• In terms of absolute dimensions, the stylet 100 wall thickness J is preferably between 127 and 178 µm (0.005 and 0.007 in) and preferably it is about 152 µm (0.006 in). Preferably the working length is between about 8.9 and 15.2 cm (3.5 and 6.5 inches) and more preferably, 14.0 cm (5.5 inches). This may be varied depending on particular details of the application. For example, for stereotactic applications, the working length is preferably about 140 mm and for handheld applications, the working length can be as low as about 90 mm. Angle C is preferably, between 60 and 65 degrees and 120 degrees and angle F is preferably about 120 degrees. A proximal end 120 of the stylet 100 has a taper forming an angle H of approximately 20 degrees. The total length A of the stylet 100 may be chosen based on the connected driver. In a representative embodiment, the total length A of the stylet 100 is about 25 cm (10 in). Stresses on 14 gauge biopsy needles (the gauge specification being based on the diameter of the stylet 100, not the stylet with an overlying cutting sheath, to be describe further on) are high, due to the small diameter. This can make ensuring the smooth and reliable operation of the needle difficult. For example, a longitudinally-advancing cutting sleeve (See for example, US Patent No. 7,025,732 , turning around the stylet 100, may warp the stylet 100 or any bending attending normal manual or machine-held use may cause jamming. Various means of addressing these issues are discussed herein, including preventing bending and reinforcing the stylet, but it has also proved useful to provide a lubricant between the stylet and the cutting sheath. Preferably, such a lubricant is sterile and biocompatible. Many lubricants are known, for example, mineral oil, silicone, or Hyaluronan-based lubricants may be used. Preferably, a lubricant is provided as part of a sterile-prepackaged disposable biopsy needle consumable unit. In accordance with the present invention, a mechanism for helping to ensure reliable and smooth operation of a thin needle is to employ a reinforcement in the needle. This is done without compromising the sample size such as by providing at least one reinforcement element over most of the length of the stylet 100 but not including the sample chamber 113 such that any reinforcement does not reduce the size of the sample chamber 113. In a preferred configuration, the stylet 100 is provided with an insert 127 along a portion of the stylet 100 that is proximal of the sample chamber 113. The insert 127 may take the form of an annular cylindrical tube (also indicated at 127). The insert 127 may be affixed to the stylet 100 with adhesive, by welding, by compression fit, or by nesting. Preferably, the affixation of the reinforcement is affixed at at least two points that are separated by a substantial axial distance. Preferably the insert 127 has a relatively narrow tubular lumen 105 or other channel to allow fluids to be conveyed to and from the sample chamber 113, such as air (vacuum) and saline (for flushing samples out of the chamber 113). The distal end of the insert 127 may have a beveled surface 107 that coincides with the chamfered end of the sample chamber 113. Preferably, the insert 127 runs along most of the length of the stylet 100. The insert 127 preferably has an internal diameter of 64 µm (0.0025 in) or less, at least at the distal end thereof to act as a tissue block, preventing tissue from being drawn into the lumen 105 when the sample chamber is subjected to a vacuum by drawing fluid through the lumen 105.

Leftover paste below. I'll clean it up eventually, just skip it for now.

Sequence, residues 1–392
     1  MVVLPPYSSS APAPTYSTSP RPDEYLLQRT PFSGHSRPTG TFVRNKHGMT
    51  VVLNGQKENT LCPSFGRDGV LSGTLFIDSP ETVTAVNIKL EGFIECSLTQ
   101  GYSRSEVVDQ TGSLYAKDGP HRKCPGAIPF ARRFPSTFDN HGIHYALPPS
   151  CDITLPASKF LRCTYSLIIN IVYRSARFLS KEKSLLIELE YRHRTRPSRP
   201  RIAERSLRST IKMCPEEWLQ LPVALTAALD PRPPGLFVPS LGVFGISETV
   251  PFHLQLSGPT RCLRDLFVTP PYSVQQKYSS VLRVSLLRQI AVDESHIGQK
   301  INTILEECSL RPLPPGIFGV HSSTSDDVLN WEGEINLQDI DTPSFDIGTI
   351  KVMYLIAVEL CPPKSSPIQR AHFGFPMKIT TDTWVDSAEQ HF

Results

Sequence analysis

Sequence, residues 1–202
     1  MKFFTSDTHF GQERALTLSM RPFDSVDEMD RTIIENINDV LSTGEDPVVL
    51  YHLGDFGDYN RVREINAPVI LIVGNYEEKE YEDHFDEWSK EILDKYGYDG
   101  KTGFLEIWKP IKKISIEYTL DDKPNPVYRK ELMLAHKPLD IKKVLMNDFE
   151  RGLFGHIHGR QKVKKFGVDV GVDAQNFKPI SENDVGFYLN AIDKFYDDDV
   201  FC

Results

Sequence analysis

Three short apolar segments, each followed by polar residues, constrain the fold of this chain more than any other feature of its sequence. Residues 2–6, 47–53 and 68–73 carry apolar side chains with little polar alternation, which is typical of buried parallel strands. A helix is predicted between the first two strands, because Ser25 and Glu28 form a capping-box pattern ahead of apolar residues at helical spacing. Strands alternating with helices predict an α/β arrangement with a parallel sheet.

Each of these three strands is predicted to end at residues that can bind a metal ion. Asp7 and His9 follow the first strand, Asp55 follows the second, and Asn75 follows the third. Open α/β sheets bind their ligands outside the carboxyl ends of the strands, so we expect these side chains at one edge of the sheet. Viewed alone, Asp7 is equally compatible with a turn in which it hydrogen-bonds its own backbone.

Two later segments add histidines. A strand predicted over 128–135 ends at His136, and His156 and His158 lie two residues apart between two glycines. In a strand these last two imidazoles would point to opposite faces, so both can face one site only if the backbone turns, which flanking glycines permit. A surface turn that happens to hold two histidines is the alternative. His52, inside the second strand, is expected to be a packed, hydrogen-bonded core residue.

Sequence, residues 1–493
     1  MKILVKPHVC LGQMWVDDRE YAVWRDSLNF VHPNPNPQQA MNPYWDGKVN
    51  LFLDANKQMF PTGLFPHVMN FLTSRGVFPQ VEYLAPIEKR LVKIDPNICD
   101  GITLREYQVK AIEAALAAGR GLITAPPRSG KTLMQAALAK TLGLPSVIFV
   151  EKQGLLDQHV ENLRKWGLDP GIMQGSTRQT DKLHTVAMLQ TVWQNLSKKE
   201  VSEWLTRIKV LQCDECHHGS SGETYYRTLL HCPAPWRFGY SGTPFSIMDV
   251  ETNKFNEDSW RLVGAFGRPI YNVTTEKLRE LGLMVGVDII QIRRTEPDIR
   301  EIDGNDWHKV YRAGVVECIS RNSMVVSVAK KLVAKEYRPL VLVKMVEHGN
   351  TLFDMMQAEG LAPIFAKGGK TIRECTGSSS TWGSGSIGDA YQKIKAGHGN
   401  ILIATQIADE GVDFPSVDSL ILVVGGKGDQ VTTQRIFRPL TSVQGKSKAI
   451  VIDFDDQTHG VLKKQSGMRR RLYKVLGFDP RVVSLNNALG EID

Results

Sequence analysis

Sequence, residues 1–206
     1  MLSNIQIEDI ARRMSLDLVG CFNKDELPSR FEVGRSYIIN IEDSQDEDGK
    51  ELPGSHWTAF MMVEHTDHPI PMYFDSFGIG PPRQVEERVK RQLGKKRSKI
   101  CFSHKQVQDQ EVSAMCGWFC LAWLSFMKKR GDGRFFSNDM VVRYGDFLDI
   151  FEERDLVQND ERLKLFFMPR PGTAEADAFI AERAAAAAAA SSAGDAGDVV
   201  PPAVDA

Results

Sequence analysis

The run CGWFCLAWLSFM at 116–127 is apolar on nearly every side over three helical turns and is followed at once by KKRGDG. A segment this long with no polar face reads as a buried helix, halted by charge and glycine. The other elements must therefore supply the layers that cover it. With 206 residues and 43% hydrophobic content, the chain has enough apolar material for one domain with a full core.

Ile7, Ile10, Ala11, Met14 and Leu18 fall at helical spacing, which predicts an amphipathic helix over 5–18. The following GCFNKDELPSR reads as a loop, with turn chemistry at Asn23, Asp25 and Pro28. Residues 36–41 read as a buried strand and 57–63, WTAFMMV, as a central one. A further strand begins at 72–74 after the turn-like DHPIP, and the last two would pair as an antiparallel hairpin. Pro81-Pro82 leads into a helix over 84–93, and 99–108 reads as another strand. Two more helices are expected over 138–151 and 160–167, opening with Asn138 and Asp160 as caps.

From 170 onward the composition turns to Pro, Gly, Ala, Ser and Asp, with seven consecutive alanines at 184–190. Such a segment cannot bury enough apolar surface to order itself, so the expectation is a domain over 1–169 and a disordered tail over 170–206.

• A trocar 111 or other type of cutting tip may be proved at the distal end of the stylet. The beveled end 115 of the stylet 100 may be press-fitted into a hub 151. The beveled end 115, so-fitted, may extend into a recess portion 115 of the hub 151 to provide a portion of a connector. For example, the bevel may stretch a flexible annular adapter (not shown) to form a seal. An alternative insert 167 is shown in Fig. 7. The alternative insert 167 may be formed by extrusion, for example, and may be affixed to the stylet 100 wall 101 as discussed above.
  • Note that although in the above embodiments, the biopsy needle was described as being used with a cutting sheath that advances and rotates to cut a sample, it is possible to employ a rotating sheath with a blade that is parallel to the sheath axis, or nearly so. Figs. 8A to 8F illustrate a biopsy needle 201 with an outer sheath 206. Referring to Fig. 8A, the outer sheath 206, in the present embodiment, is cylindrical and has an opening 251 with at least one sharp edge defining a blade 221. A cylinder-shaped inner sheath 236 has a port 231, which, in Fig. 8A, is aligned with the opening 251. The port 231 provides access to a sample chamber 226 which is defined by a volume within the inner sheath 236. A trocar 212 is affixed to a distal end of the inner sheath 236. A handle (not shown) is presumed to be provided, opposite the trocar 212, to support the biopsy needle 200. Note that the sample chamber 226 is not shown with the preferred dimensions as discussed above with reference to Figs. 2A and 2B but is indicated figuratively here for purposes of discussing the cutting sheath operation.